Research Areas - Computational
Biology in the Computer Science Department at Carnegie Mellon
CSD faculty: Ziv
Bar-Joseph (ML/Lane), Jaime Carbonell,
Dannie Durand (Bio), Chris
Langmead, Russell Schwartz
Computational biology is an active area of research at Carnegie Mellon, carried out by faculty members who make this their primary research area as well through collaborations between computational and biological scientists. Areas of emphasis include the application of machine learning and data mining techniques to large biological knowledge bases, biological modeling, computational aspects of high-throughput laboratory methodologies for large-scale, systematic studies of protein structure and function, analysis of biological image data and computational genomics.
Carnegie Mellon University offers educational programs in computational biology through the undergraduate Inter-college Computational Biology Degree, the Masters Program in Computational Biology, and a Ph.D. in Computational Biology through the Joint CMU-Pitt Ph.D. Program in Computational Biology.
Pittsburgh is a fertile environment for research combining biology with other disciplines, including activities at centers such as the Ray and Stephanie Lane Center for Computational Biology, Center for ALgorithm ADaptation Dissemination and INtegration (ALADDIN), the Molecular Biosensor and Imaging Center, the Center for the Neural Basis of Cognition, Faculty of Biomedical Engineering, The Pittsburgh NMR Center for Biomedical Research, and the Pittsburgh Supercomputing Center.
Below we include a list of the CSD faculty working in Computational Molecular Biology, along with a brief summary of their research interests. For a more complete list of faculty at Carnegie Mellon working on computational biology problems, please see the list of the Lane Center faculty.
Ziv Bar-Joseph analyzes high throughput biological datasets (especially gene expression and time series gene expression data, and protein-DNA binding data). His work addresses issues ranging from the experimental design level to the systems biology level.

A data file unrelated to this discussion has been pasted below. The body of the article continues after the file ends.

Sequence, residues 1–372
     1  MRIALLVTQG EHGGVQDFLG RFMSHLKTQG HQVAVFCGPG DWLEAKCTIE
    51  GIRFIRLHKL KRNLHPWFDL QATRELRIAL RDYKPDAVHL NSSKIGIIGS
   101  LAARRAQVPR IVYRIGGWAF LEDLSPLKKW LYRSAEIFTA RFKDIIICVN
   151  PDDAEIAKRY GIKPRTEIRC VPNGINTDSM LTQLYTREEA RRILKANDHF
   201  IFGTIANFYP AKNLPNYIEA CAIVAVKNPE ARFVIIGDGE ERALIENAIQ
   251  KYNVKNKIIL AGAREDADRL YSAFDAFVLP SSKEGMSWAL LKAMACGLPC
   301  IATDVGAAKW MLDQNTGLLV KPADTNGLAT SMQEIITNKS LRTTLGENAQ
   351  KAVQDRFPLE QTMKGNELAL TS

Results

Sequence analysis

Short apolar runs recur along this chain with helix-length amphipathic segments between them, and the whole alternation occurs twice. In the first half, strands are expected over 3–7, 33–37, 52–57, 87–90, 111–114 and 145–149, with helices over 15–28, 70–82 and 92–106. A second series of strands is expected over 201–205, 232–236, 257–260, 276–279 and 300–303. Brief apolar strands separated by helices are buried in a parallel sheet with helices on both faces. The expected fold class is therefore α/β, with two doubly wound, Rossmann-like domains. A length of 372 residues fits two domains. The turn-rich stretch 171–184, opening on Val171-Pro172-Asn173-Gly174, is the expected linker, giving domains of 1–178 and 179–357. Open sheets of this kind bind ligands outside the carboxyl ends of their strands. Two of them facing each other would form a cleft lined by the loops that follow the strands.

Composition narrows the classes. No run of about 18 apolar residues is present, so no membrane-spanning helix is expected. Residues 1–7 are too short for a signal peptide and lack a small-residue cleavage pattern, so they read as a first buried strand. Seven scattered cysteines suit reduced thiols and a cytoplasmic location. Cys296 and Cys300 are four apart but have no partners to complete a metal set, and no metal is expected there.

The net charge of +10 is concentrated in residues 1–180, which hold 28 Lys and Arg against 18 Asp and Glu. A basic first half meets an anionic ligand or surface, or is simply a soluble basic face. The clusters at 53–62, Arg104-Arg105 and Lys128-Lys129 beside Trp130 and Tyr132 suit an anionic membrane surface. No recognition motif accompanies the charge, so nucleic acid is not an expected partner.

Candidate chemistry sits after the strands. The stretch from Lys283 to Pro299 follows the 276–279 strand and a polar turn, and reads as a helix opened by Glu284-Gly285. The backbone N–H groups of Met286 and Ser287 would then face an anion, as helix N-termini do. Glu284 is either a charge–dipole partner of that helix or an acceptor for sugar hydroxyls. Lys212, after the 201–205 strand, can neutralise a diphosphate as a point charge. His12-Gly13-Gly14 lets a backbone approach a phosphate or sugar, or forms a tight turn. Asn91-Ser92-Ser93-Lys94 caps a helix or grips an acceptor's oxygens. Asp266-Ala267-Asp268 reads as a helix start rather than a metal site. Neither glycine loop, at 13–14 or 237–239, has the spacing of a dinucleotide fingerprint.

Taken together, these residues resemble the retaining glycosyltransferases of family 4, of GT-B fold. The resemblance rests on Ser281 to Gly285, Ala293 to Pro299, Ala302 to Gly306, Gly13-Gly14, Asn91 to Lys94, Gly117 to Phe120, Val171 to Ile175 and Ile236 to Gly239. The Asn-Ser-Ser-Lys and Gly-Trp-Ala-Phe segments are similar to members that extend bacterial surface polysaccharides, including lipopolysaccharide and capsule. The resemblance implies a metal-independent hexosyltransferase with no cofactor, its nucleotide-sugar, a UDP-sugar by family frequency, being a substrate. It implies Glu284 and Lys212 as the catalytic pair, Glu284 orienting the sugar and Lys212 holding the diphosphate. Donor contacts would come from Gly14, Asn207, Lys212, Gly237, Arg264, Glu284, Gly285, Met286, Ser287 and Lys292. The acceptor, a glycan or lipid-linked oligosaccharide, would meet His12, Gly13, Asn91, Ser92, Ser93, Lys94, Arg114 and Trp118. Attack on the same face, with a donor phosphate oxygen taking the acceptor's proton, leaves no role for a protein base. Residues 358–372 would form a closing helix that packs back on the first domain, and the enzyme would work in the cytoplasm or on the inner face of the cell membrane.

Jaime Carbonell is investigating machine learning and language-technologies inspired methods for predicting 3D protein structure from protein primary sequences, and in automated classification of protein sequences into functional categories.
Dannie Durand studies the evolution of vertebrate genome organization and functional diversity through gene duplication, using combinatorial methods to analyze data obtained from diverse biological data sets via web-based information retrieval techniques.
Christopher Langmead develops algorithms for modeling the dynamics of biological systems. His work addresses issues relevant to the design of new proteins and drugs, to the creation of patient-specific interventions in cancer and acute inflammation.
Russell Schwartz develops mathematical models and algorithms for studying genome variations between members of a species. He also develops methods for modeling self-assembling biological systems.
Eric Xing develops probabilistic inference and learning algorithms for computational biology and statistical genetics, and for generic intelligent systems of a wide range of applications. His works addresses problems ranging from network modeling in systems biology to genetic polymorphisms associated with diseases.